Title: ACE: The Very Important PigACE
Author: Dick King-Smith
Illustrator: Lynette Hemmant
Pages: 135
Reading Level: 9-12
Star Rating: ★★★

Ace is written by Dick King-Smith, author of Babe and Funny Frank.

The Story.

Ace doesn’t want to leave the happy farm with the rest of his siblings. He wants to stay home. So, when Farmer Tubbs asks him if he wants to go to market, Ace replies with a single grunt – that means no. None of the other animals know quite what to think when Ace tells them that he can understand human speech and that he’s developed a yes-and-no system to reply to them, but since Ace is a sweet young pig, they make friends with him. All of them except Megan.

Megan, the Corgi, considers herself to be Royalty and refuses to waste her time on the commoners. Still, Clarence the cat manages to squeeze in an introduction between the two of them one afternoon while Her Ladyship is taking her sunbath. But will she allow Ace into the house? And will Ace’s fancy learnings profit him any?


The basis of Ace is entirely fanciful. Ace is a pig who can understand human speech. He develops his own system of responding to humans when they speak to him – one grunt means no, two grunts mean yes. Ace’s owner comes to understand this and “talks” with Ace. Ace interprets the farmer’s words to his animal companions who are amazed that Ace can understand human language.

Ace loves nothing better than lying on the couch watching “the magic box” – TV. He even has his favorite channels and shows. In the end, Ace himself is a guest on one of these shows where he “answers” the questions that his host puts to him. He becomes a national sensation.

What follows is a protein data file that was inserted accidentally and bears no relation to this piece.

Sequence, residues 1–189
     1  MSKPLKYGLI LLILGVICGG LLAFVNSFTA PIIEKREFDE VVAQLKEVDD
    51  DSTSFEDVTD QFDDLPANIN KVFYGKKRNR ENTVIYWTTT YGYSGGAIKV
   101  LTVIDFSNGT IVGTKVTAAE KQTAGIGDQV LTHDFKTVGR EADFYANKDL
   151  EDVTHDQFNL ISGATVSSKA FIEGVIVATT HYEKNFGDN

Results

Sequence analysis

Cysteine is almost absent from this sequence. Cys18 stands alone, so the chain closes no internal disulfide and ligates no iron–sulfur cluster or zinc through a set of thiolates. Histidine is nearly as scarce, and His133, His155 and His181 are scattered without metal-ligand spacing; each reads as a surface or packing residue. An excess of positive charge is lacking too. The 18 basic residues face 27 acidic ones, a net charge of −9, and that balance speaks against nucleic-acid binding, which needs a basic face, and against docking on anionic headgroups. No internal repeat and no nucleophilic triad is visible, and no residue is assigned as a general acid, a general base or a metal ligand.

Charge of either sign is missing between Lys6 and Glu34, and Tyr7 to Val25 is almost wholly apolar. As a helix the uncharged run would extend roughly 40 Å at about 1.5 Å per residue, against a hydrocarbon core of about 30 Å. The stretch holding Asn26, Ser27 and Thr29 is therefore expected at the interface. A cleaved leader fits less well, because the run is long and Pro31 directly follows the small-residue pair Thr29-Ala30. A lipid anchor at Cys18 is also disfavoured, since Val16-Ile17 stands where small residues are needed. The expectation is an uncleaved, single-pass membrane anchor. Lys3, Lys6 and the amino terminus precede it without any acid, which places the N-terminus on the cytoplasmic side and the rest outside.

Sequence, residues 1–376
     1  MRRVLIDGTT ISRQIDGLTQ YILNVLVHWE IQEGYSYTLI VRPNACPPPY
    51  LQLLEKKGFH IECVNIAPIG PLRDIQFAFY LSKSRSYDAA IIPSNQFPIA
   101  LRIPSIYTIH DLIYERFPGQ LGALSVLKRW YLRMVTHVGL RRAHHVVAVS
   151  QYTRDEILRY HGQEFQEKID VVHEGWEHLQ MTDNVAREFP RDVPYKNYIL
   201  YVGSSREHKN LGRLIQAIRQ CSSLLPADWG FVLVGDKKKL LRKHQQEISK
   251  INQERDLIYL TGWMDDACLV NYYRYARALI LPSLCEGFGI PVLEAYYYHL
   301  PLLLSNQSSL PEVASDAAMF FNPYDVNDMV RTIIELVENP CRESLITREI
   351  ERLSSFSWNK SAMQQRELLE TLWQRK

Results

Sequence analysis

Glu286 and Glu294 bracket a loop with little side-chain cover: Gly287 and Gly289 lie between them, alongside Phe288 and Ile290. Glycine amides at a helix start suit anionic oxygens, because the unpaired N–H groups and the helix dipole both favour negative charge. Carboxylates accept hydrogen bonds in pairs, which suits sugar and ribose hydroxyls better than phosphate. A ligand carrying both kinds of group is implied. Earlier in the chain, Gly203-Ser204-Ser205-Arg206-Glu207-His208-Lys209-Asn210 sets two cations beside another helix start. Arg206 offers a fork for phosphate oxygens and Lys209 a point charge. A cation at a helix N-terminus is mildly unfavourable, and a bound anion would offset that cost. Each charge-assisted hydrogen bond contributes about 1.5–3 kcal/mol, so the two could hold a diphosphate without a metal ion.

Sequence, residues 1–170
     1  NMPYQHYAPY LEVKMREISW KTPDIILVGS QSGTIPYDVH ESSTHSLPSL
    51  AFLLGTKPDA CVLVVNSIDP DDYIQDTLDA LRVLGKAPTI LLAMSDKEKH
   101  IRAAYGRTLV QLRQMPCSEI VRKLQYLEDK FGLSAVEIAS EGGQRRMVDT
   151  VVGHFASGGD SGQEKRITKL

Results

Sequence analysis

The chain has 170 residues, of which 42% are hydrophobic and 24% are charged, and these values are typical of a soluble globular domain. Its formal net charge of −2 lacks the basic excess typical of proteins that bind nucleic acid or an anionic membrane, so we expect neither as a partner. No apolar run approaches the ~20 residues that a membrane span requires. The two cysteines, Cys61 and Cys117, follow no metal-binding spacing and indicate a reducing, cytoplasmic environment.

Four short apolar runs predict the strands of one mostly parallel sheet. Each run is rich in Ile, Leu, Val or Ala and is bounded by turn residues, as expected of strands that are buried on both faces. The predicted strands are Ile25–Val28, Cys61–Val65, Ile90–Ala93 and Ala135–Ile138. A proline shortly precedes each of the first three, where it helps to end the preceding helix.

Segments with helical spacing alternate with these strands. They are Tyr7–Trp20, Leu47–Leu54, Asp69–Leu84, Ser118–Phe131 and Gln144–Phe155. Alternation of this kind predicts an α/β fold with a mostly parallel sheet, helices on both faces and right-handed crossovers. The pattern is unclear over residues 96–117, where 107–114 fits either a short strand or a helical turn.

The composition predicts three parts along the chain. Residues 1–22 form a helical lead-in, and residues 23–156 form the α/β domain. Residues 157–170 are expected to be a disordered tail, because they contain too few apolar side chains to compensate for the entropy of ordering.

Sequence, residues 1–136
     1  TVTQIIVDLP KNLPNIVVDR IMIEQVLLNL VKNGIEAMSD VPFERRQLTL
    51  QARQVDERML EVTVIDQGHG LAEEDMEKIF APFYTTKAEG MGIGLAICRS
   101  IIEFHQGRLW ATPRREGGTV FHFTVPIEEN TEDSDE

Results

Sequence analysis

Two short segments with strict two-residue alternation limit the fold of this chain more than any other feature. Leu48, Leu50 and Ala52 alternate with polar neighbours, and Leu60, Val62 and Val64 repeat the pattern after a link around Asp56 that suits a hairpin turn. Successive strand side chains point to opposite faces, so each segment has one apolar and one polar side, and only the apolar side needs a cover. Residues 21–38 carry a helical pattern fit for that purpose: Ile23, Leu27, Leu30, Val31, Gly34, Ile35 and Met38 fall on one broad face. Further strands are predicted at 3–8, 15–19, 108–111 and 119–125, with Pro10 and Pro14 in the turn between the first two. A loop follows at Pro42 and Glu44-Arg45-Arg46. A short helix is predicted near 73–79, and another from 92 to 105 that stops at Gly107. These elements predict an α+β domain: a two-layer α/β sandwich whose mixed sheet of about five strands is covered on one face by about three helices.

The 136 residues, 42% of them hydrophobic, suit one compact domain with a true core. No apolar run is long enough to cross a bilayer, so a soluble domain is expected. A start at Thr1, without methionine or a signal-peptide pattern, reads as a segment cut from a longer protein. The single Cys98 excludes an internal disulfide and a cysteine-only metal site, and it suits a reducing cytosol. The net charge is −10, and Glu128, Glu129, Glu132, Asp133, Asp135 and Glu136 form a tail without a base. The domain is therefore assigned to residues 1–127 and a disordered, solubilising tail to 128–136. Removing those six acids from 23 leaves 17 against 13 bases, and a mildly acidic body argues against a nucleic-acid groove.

In the first few chapters, Ace lives with his mother. It is obvious that she doesn’t love him very much (she snaps at him and wishes that he had left with the rest of his siblings). Their relationship disappears by the middle of the story.

Ace’s relationship with Megan is interesting. Megan is a Corgi and, because Corgis are favored by the Royal House, she believes that she is a cut above the other animals. She is very snobby. Initially, Ace pretends to respect her, going along with her snobbishness, and sometimes gaining an end by flattering her. However, he eventually tires of her petty nature and snaps at her to shut up. After that, she becomes much more tolerable.

When Ace accompanies his master to a pub, he gets drunk.

A little boy yells at his mother.

Conclusion. Funny, but not necessary.

Review © 2013 Laura Verret

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